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How Changes in the Dopaminergic System Affect Cognitive Aging

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  • 0:03 Brain Tracts
  • 2:01 Nigrostriatal
  • 3:15 Tuberoinfundibular
  • 4:23 Mesocorticolimbic
  • 6:22 Lesson Summary
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Lesson Transcript
Instructor: Devin Kowalczyk

Devin has taught psychology and has a master's degree in clinical forensic psychology. He is working on his PhD.

This lesson examines the changes that occur to the four tracts of the dopaminergic system. We will look at how depredations to each tract lead to a particular type of issue.

Brain Tracts

I have a bad habit of thinking of the brain as this mess of neurons all crammed together or broken into distinct and identifiable lobes. It's a bad habit, and I am working on correcting it. The reason this is wrong is that while there are small groupings of neurons and large lobes of the brain, there are tracts, which are bundled axons with a common purpose. Think of a tract like a piece of braided rope; all the individual strands are different axons that send signals.

There are several tracts, each with a different purpose. Some deal with sensory information; others deal with body movements. The one we are going to focus on is the dopaminergic system, which is a group of four tracts that use only dopamine to activate different brain systems. The four tracts are:

  • Nigrostriatal tract, which is a set of axons involved with the refining of motor movements
  • Tuberoinfundibular tract, which is a set of axons involved with regulating hormones
  • Mesolimbic tract, which is a set of axons involved with regulating emotions
  • Mesocortical tract, which is a set of axons involved with regulating thought

These definitions of the tracts are somewhat simplified. If I cut your nigrostriatal tract, you would lose some of the finesse in your motor movements, but they wouldn't be impossible to make. Many people, in fact, have to deal with rebellious tracts every day of their life. For example, there have been strong implications that the dopaminergic system is related to schizophrenia, with its bizarre motor movements, emotional regulation problems, and unusual thought processes. However, we are going to focus on the aging of this system, not schizophrenia.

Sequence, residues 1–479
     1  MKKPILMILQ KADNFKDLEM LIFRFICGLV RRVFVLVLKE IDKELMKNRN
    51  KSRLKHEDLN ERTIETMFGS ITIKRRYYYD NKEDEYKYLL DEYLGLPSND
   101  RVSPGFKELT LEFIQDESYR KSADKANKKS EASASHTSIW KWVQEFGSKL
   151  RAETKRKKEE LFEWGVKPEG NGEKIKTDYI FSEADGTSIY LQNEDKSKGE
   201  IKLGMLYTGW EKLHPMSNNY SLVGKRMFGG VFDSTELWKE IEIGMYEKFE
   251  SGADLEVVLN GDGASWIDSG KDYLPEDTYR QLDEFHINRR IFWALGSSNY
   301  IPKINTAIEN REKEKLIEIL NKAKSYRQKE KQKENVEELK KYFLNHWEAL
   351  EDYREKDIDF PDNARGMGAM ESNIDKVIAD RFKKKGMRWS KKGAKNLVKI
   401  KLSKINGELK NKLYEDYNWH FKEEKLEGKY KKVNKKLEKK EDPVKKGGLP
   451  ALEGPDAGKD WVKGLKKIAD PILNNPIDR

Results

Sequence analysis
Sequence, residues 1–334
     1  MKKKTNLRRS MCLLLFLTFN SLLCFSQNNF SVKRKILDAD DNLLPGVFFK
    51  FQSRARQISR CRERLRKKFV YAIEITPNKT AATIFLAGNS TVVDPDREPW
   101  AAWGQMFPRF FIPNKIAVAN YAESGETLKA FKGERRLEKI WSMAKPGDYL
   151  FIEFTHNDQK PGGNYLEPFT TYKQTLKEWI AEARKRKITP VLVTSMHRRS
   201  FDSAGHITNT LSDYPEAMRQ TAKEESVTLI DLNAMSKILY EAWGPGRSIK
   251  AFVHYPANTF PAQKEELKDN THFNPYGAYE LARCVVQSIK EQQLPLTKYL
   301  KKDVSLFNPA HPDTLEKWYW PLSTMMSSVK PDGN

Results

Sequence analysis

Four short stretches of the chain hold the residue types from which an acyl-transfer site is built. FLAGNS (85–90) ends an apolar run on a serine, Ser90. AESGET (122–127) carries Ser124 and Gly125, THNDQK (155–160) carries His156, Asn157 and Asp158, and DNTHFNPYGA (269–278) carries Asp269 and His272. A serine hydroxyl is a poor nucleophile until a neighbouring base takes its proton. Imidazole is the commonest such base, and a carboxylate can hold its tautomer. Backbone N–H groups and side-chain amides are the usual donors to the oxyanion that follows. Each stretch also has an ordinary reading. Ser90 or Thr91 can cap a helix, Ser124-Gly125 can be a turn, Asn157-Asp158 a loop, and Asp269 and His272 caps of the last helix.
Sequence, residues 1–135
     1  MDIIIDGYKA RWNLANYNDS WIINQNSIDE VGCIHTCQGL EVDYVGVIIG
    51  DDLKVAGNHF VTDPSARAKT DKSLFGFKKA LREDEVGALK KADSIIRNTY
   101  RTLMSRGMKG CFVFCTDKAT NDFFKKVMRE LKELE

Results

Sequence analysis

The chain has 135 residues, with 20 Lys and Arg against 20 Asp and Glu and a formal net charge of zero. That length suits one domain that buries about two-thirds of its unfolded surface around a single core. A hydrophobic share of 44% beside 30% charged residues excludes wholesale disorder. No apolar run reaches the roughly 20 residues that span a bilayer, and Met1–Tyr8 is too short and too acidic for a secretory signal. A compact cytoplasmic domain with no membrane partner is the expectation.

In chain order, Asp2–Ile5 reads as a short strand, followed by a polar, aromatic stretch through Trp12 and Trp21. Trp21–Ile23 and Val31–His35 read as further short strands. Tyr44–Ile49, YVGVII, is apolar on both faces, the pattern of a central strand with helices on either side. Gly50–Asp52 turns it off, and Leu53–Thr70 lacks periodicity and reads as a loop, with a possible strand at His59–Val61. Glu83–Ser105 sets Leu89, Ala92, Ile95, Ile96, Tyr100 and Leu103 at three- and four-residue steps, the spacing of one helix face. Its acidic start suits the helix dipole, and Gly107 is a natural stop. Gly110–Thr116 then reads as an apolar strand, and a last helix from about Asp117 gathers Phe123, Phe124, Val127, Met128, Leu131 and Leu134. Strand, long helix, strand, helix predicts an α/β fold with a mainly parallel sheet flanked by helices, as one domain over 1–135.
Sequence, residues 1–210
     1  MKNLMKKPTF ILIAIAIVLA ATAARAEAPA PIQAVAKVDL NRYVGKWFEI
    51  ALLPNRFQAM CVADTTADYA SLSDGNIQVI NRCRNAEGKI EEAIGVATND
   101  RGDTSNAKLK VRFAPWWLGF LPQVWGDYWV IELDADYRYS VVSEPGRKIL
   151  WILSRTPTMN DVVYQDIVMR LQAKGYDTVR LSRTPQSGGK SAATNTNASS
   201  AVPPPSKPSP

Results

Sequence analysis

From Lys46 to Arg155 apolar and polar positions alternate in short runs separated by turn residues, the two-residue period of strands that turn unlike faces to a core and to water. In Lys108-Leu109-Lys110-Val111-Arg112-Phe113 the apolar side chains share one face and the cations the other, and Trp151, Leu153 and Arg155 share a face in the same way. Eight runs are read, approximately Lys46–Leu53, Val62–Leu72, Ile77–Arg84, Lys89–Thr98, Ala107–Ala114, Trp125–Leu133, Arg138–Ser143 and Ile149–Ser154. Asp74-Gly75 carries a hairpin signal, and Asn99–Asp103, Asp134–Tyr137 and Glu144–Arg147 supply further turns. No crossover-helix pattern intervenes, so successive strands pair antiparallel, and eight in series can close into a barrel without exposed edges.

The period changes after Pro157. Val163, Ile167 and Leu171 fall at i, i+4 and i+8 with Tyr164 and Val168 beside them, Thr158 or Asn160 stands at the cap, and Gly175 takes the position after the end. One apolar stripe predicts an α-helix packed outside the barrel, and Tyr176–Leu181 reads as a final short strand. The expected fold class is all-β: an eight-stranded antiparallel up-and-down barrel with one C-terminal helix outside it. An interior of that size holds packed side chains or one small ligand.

Let's look at how the dopaminergic system breaks down as we get older. Research has found that certain pathways will degrade in a particular way.

Nigrostriatal

Let's start off looking at the degradation of the nigrostriatal tract. It is responsible for helping control fine movements. This particular tract is plugged into the part of the brain that deals with different types of inhibition.

What does this mean, exactly? When the nigrostriatal is functioning properly, it helps cut down on superfluous movements. Image a long arm of a crane. It is super long and difficult to control, and a small motion can have big effects. The nigrostriatal tract acts like guide wires on the crane. This means that when the crane is moved, it doesn't move as much because the guide wires rein it in. As we get older, the tract becomes less reactive through general neurodegeneration, defined as neuron and helper cell death.

As we get older, the natural inhibition for extra movements is lost. Kind of like the guide wires breaking down and falling off. This translates to an increase of unnecessary movements, like tremors, muscle ticks, and overstepping or reaching. Small behaviors can lead to excessive movement. This is kind of scary since many older people's bones and reflexes aren't what they used to be.

Tuberoinfundibular

The very complex-sounding tuberoinfundibular tract is linked to the pituitary system. The pituitary is a central gland involved in coordinating nearly all other glands in the body. So this complicated sounding tract is connected right into the system that controls all the hormones and other chemicals dropped into your blood.

The tuberoinfundibular tract has a built-in feedback loop that helps control it. What happens is the tuberoinfundibular is stimulated when there is too much or too little of a hormone. The tract triggers the pituitary to produce more of the hormone. This then stops the activation of the tract until the hormone shifts out of balance again.

As you get older, the tract isn't as sensitive as it used to be, and the pituitary isn't as refined as it used to be. Together, this results in a lowering of hormone levels and a difficulty in getting them to how they were when you were younger. This is a downward spiral where it just gets worse and worse, and by the end, you can't tell if someone is a great grandmother or great grandfather because of the mixed up hormone levels.

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